The Queen has announced that changes will be made to legislation surrounding family law. An entirely new Children and Families Bill was announced during the Queen’s Speech at the state opening of Parliament. The new bill will see implemented changes including the allowance of parental leave to be shared between parents, making the interracial adoption legal process easier, providing greater choices of schools for pupils with special educational needs and also improving access for fathers to their children in the instance of divorce.
The announcement of the bill reinforces plans made by Ministers to introduce more flexible parental leave after an independent report was published in May last year. The report recommended that rights be extended to request flexible working hours if parents have a child of 16 years of age or less. The changes to the rules surrounding adoption will prevent the local authorities from delaying an the completion of an adoption in order to find a perfect match for a child if there are suitable adopters already available. The ethnicity of a child and its prospective adopters will now come second in the majority of cases with a view to speed up the process of placing a child in a permanent home. The government also plans for the introduction of a number of recommendations which are contained in the final report of the Family Justice Review published towards the end of last year. Families will be able to initiate compensation claim cases where the rules are not adhered to.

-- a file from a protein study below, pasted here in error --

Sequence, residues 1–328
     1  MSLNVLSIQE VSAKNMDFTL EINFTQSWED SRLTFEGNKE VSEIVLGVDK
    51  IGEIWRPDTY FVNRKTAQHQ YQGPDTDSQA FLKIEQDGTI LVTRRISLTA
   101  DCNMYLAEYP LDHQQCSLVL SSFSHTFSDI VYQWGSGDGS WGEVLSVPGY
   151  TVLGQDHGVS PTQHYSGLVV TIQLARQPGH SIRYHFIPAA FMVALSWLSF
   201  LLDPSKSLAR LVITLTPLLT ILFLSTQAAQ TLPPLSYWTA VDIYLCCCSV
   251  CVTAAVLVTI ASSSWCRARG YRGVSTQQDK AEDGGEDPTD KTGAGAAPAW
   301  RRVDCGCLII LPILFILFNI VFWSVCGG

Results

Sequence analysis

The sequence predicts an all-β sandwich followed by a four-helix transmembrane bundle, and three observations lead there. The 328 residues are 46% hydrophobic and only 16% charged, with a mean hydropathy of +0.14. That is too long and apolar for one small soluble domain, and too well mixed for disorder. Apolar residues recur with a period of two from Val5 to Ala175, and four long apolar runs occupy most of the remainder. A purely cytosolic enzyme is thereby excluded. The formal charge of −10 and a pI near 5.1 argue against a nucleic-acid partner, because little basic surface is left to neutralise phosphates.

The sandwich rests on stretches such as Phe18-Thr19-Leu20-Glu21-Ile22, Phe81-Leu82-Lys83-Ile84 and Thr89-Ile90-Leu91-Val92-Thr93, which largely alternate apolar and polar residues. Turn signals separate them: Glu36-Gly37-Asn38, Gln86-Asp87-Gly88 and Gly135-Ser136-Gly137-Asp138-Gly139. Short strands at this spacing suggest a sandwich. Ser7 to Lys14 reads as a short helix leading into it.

Some of the key points included in the review are the following. The creation of a six month time-limit by which care cases must be completed. It also makes legislation explicit that case management decisions must be made only after the full impact on the child and his or her needs have been taken into full consideration. Any processes deemed unnecessary will be removed by getting rid of the requirements of care and supervision orders to see monthly renewal by the judge working on a case. Instead, just one order will be issued for the estimated length of time it will take to finalise the legal proceedings. Legal advisers will now be able to process uncontested divorce applications much quicker to further streamline the process of finalising care cases.
The adjustments being made to family law are being met with mixed opinions from family law specialist solicitors. Some solicitors state that too much weight has been put on the interest of the child, taking away from the interests of the parent’s control over how they raise a child in the wake of a divorce. Others argue the opposite, that not enough steps have been taken to allow for the best interests of the child. However, it is generally agreed that the changes have done well in the maximising chances of maintaining a relationship between both parents following divorce cases.